As I listened, I breathed a sigh of relief that at least some one had come to the Mahasi Sayadaw's defence.

        The Tipitakadhara Sayadaw continued: "In this present day and age, no one dares to say anything critical of the Mahasi Sayadaw. In the fields of both learning (pariyatti) and actual practice (patipatti, the Sayadaw is honoured and respected, and acknowledged to be a great master.

        Previously, this was about as much as I knew about the Sayadaw, but not so long ago, I happened to look through the Mahasi Sayadaw's treatise on vipassana. Oh ... Only then did I realize for myself just how learned the Mahasi Sayadaw really and truly was.

        "I realized then that to say that Mahasi Sayadaw was not a scholar because he had never been awarded the Tipitakadhara degree was the same as saying that Einstein was not a brilliant scientist because he had never been awarded a doctorate degree from a university."

        Then the Tipitakadhara Sayadaw continued with the following points which puzzled and troubled me further. A recently published book contends that many of Mahasi Sayadaw's instructions for vipassana meditation are not in accord with the Buddha's teaching as expressed in the Tipitaka, the Buddhist Canon. The book, by a well known sayadaw, was no less than an attempt to set a new direction and a new agenda for vipassana meditation in Myanmar. Some of the points made in the new book were that the Buddha-to-be had attained Buddhahood through

        anapana-sati, or meditation on the in-breaths and out-breaths, and that anapana-sati was a practice advocated by the Buddha as a method to be followed by his noble disciples, while the meditation on the rising and falling abdomen was a method only introduced by Mahasi Sayadaw, and not in accordance with the Buddha's teachings.

        Another topic that the book raised (The Tipitakadhara Sayadaw continued), was the Mahasi Sayadaw's instruction for moment-to-moment awareness of all the material-mental phenomena occurring within one's material body, as they occur in the present. All sights, sounds, smells, tastes, contacts, thoughts must be noted as they occur, and vipassana or insight wisdom arises as the yogi realizes the impermanence of all phenomena, that they rise and then pass away. The book however maintains that yogis must realize the facts of impermanence, suffering and no-self not only within oneself in the present, but also within the material bodies of others, and in the past, present and future. The book gave many references from the Buddhist Canon in-support of this, including the relatively well known Anatta Lakkhana Sutta.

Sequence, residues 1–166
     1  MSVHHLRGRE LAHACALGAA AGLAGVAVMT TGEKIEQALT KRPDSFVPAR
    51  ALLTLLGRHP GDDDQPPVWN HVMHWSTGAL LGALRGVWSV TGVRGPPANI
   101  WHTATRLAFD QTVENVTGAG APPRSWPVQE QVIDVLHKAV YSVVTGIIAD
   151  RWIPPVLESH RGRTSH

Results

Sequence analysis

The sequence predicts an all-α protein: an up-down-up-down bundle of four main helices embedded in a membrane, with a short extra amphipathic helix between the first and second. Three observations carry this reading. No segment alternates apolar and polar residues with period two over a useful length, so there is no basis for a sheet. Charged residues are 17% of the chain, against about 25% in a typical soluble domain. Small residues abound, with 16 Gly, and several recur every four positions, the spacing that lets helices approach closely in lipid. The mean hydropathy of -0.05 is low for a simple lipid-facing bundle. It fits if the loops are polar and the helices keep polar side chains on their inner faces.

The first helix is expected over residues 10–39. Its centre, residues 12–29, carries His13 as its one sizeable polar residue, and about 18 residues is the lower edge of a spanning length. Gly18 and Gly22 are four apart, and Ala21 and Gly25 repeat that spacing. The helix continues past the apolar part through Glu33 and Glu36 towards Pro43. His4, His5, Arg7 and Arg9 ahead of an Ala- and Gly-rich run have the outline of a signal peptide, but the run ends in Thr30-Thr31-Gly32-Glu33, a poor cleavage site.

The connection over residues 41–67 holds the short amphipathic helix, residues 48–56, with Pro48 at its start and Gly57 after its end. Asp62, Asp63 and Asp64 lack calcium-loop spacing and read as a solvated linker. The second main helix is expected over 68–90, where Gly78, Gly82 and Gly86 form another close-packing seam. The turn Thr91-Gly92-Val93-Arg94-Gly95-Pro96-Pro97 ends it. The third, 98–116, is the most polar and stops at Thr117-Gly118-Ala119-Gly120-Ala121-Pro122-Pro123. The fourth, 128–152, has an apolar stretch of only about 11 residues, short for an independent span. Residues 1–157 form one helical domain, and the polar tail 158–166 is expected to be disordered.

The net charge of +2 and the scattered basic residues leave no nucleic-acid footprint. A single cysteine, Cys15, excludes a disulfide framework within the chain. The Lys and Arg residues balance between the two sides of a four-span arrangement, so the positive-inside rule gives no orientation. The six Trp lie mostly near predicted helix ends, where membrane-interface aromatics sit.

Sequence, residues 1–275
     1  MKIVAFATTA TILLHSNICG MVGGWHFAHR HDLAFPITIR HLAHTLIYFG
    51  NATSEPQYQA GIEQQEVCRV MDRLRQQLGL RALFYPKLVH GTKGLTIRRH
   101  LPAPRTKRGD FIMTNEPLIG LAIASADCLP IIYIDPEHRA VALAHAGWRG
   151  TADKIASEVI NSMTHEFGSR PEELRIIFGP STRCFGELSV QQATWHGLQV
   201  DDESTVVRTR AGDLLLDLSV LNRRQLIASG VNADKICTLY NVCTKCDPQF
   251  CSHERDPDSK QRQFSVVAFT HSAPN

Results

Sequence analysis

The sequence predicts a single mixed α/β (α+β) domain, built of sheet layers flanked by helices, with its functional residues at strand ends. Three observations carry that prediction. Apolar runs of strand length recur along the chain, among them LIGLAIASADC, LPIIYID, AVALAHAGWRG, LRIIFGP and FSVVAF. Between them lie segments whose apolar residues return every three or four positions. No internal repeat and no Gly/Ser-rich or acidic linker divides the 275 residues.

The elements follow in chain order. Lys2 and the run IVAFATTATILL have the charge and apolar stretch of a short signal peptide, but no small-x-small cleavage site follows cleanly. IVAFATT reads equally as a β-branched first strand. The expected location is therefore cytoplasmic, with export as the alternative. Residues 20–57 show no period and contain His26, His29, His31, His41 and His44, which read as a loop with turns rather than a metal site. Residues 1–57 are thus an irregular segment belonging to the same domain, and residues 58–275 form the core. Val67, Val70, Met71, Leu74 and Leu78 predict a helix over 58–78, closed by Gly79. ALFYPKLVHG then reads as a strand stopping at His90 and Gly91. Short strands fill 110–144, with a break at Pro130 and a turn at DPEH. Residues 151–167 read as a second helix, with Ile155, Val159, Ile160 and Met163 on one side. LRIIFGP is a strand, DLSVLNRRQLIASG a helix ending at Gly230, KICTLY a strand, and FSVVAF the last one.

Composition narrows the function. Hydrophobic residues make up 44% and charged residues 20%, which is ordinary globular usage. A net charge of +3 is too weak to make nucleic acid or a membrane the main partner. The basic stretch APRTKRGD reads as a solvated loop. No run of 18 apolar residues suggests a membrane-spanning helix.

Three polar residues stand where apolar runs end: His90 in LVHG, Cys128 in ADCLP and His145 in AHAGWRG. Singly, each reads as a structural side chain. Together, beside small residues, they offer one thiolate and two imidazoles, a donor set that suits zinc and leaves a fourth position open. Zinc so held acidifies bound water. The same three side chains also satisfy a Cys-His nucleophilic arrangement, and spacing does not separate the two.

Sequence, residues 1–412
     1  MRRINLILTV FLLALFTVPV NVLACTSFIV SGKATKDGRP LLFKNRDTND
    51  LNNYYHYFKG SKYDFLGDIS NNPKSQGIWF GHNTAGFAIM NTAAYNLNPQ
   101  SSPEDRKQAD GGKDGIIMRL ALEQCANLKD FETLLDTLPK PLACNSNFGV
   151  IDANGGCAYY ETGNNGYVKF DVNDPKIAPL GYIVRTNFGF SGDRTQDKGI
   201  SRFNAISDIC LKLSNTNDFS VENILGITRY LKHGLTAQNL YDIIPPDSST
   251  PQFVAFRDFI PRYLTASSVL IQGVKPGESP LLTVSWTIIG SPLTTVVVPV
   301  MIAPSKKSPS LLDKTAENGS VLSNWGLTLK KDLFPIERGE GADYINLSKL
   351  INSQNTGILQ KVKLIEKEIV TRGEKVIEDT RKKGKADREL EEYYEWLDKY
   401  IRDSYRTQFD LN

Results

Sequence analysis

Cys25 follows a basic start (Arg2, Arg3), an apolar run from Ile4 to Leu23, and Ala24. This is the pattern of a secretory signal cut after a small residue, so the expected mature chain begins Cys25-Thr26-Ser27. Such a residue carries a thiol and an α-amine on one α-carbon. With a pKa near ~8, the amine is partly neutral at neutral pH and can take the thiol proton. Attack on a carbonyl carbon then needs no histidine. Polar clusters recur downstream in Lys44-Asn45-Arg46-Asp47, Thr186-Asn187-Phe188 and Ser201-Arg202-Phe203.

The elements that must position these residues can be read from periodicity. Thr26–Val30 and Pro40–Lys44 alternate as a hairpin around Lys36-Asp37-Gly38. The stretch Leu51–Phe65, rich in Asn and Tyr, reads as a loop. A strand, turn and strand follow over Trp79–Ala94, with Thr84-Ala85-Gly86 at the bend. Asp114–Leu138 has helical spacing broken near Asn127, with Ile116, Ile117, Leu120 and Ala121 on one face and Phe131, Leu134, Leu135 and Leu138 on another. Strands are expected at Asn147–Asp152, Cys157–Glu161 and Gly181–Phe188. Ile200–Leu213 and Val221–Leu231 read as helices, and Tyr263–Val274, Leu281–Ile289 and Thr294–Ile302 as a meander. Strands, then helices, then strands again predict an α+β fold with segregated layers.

Hearing all this from a Tipitakadhara Sayadaw, mind and body became agitated as if watching a thrilling boxing match. The Tipitakadhara Sayadaw ended his remarks, however, and one was able to let out a sigh of relief. "But when I checked and studied all the references given in the book carefully, I discovered that the Mahasi Sayadaw, far from being wrong, was in the right, and that his meditation instructions were totally in accord with the Buddhist scriptures."

        We paid our respects to the Tipitakadhara Sayadaw and took our leave. His remarks nevertheless lingered in my somewhat unsettled mind. About a week later, I took the opportunity to inquire of the Panditarama Sayadaw about yogis noting only the material-mental phenomena within oneself and in the present only, as opposed to noting the phenomena in others and also in the past and future. As a long-time chief disciple, successor, and confidant of the Mahasi Sayadaw, Panditarama Sayadaw was acquainted with the Mahasi Sayadaw's teachings as no one else was, or could be. Panditarama Sayadaw replied first of all, that in his many years of teaching meditation, his experience had always been that detractors of the Mahasi Sayadaw had always been proved wrong, and Mahasi Sayadaw was invariably and finally proved right. Panditarama Sayadaw then explained as follows.

        "In vipassana meditation, one's own corporeal body gives disciples of the Buddha's teachings direct, personal and actual experience of the material-mental phenomena that constitute all existence. It is not possible to experience directly the material-mental phenomena of another's body, but one is forced to presume, compare, and decide based on one's experience and knowledge. This is clearly stated in the commentaries to the Uparipannasa Anupada Sutta. Thus, in vipassana, yogis should note and get direct personal realization of the material and mental phenomena taking place in one's own body.